It's kind of beautiful: religious life and ordinary life are shaking hands with that kind of clasp or grasp of two hands which makes one thing. When we're shaking hands, it is one thing - two sides, one thing. I think it is a beautiful image, because it inherently indicates that there is something very warm and friendly in this intimacy, in this merging of difference and unity. It's a sense of friendliness and warmth, a sense that whatever is happening, no matter how far we seem to be going astray, or no matter how dire our situations seem to be, there is a sense of friendliness, warmth, and intimacy. Everything - in some deep sense, if we appreciate the essential feeling of Sandokai - is always okay; even if it is tough, it's always fundamentally okay.
So, we are then going to practice all the religious things that we do - our zazen, our solemn services, and so on - with the same spirit as we live our everyday, ordinary lives. There's nothing holy about it or nothing special about our religious practice - it's the ordinary, everyday thing that we do. And the reverse is also true - that we practice everyday, ordinary things with the kind of respect and attention that we would give to the most important religious moments of our lives.
When you think of your own experience in Soto Zen - the kinds of instruction that is given and the feeling of the instructions - you can see that it comes from the understanding of San-do-kai as the merging of difference and unity, the merging of form and emptiness, and the merging of the mystery of life and the ordinariness of life.
The side of Qingyuan was called the Southern School, or "The Sudden School," and the other side was called the Northern School, or "The Gradual School." So there are these two kinds of Zen; one seems to be advocating a gradual awakening, refinement, and the other seems to be advocating a sudden awakening. But, of course, the point of view of Sandokai is that these two things are like shaking hands. Sudden and gradual, as Sandokai will say, are just two sides of the same coin. They are mutually supported and mutually necessary.
So that's one aspect of the poem. Perhaps one of the reasons why Sekito felt compelled to write the poem was to speak not only of the dichotomy between the sudden and the gradual of the Northern and Southern schools, but also to address the even deeper dichotomy between the oneness of reality and the multiplicity of reality.
Here is a comment by Suzuki Roshi on this question of differentiation and equality - "san" and "do." This is something that I think is a very profound and beautiful saying of Suzuki Roshi:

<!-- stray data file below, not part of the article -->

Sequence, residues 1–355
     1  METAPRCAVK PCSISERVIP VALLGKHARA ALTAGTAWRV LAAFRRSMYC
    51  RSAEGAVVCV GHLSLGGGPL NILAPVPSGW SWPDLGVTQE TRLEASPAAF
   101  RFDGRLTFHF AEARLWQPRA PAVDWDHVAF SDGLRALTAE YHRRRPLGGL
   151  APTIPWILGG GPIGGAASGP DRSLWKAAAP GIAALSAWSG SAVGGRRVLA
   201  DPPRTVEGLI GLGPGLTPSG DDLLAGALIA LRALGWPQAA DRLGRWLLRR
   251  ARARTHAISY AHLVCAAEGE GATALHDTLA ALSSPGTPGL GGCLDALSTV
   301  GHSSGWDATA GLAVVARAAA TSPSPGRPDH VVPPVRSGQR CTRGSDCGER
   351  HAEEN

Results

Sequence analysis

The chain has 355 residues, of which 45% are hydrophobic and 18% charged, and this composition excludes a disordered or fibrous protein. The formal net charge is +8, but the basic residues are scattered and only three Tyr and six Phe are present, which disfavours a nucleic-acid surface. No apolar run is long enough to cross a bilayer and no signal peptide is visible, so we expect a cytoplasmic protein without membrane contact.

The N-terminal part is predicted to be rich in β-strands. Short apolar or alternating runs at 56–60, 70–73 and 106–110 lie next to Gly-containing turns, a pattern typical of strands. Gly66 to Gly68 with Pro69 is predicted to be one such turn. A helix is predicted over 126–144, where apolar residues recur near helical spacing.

Differentiation is equality, and things have value because they are different. If men and women are the same, then the distinctions between men and women have no value. Because men and women are different, men are valuable as men, and women are valuable as women. To be different is to have value. In this sense, all things have equal, absolute value. Each thing has absolute value and thus is equal to everything else. We are normally involved with standards of evaluation: exchange value, material value, spiritual value, and moral value. Because you have some standard, you can say ‘He is good,' or ‘He is not so good.' The moral standard defines the value of people. But the moral standard is always changing; a virtuous person is not always virtuous. If you compare him with someone like Buddha, he is not so good. Good or bad is arrived at by some standard of evaluation. But because each thing is different, each thing has its own value. That value is absolute.
In other words, apart from the comparison of one thing from another, or using some standard to evaluate things, there is a sense that each thing, just because it exists as a specific differentiated thing, has an absolute value.
The mountain is not more valuable because it is high; the river is not less valuable because it is low. On the other hand, because the mountain is high, it is a mountain, and it has absolute value. The quality of the mountain and the quality of the river are completely different; because they are different, they have equal value; and equal value means absolute value.
For me this is a very beautiful truth, and it goes so much against our psychological reality in which we are constantly measuring ourselves - against some person, or against some standard that we have internalized, and which we got from somebody in our culture or family. We are constantly evaluating and stacking up one thing up against another, never appreciating our uniqueness and the uniqueness of each and every thing in this world. We do not appreciate that this uniqueness is exactly what makes each and every thing in this world utterly valuable and equal in its value to everything else.